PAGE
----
Bronfman Says Electing Waldheim Would Be a Symbolic Act of Amnesty for the Holocaust

The election of Kurt Waldheim to the office of President of Austria “would be an act of symbolic amnesty for the Holocaust,” Edgar Bronfman, president of the World Jewish Congress, charged in a speech here Monday night. He described the former United Nations Secretary General as an “amoral and unrepentant liar.”

The occasion for Bronfman’s remarks was a reception marking the 20th anniversary of the London-based Institute of Jewish Affairs. It coincides with the release by the WJC of a 95-page report detailing its findings about Waldheim’s “hidden years” — the years of his service as a Wermacht intelligence officer in the Balkans which he omitted from his memoires and concealed for 40 years.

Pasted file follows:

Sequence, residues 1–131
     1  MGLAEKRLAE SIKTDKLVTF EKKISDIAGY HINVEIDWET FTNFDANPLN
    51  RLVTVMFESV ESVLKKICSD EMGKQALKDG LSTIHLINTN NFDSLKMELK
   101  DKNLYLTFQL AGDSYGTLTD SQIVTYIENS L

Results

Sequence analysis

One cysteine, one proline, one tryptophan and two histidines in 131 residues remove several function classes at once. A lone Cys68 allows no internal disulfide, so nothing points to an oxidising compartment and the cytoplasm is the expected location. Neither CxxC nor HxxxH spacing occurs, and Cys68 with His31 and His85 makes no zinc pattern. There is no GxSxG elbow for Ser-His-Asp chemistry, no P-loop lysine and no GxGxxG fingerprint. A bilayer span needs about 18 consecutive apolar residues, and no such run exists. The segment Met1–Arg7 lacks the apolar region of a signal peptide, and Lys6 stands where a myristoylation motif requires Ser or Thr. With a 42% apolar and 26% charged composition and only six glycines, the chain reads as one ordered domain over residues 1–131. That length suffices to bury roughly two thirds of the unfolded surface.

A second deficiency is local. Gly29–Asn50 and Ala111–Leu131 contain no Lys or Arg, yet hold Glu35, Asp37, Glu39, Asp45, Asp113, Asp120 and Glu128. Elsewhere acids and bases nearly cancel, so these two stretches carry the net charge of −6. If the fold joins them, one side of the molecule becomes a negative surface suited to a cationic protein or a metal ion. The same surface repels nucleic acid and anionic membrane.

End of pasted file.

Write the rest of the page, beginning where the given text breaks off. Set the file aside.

The WJC has compiled evidence linking the Austrian Presidential candidate with Nazi atrocities against Yugoslavian partisans and civilians and the deportation of Greek Jews. The evidence has been corroborated from other sources such as the files of the United Nations War Crimes Commission. Nevertheless, Waldheim remains the front-runner in the Austrian run-off elections next Sunday. During the elections on May 4, he came within four-tenths of a percentage point of winning half the vote and thereby avoiding a run-off.

Bronfman stated that Waldheim represents a “fresh assault on the conscience of mankind” in which “we are asked to believe that in a titanic struggle that took the lives of millions of people, there was no distinction between aggressors and victims.” The WJC president assailed the “selective moral amnesia” which Waldheim symbolized and by which “we are urged to believe that events and horrors that should never be forgotten no longer matter.”

He condemned “the rising overtones, innuendos, euphemisms and threats that have risen in the wake of the (Waldheim) disclosures,” warning that they “make it clear that the danger of a repetition of the horrors of nearly a half-century ago are all too real.” He was referring to an anti-Semitic backlash in Austria.

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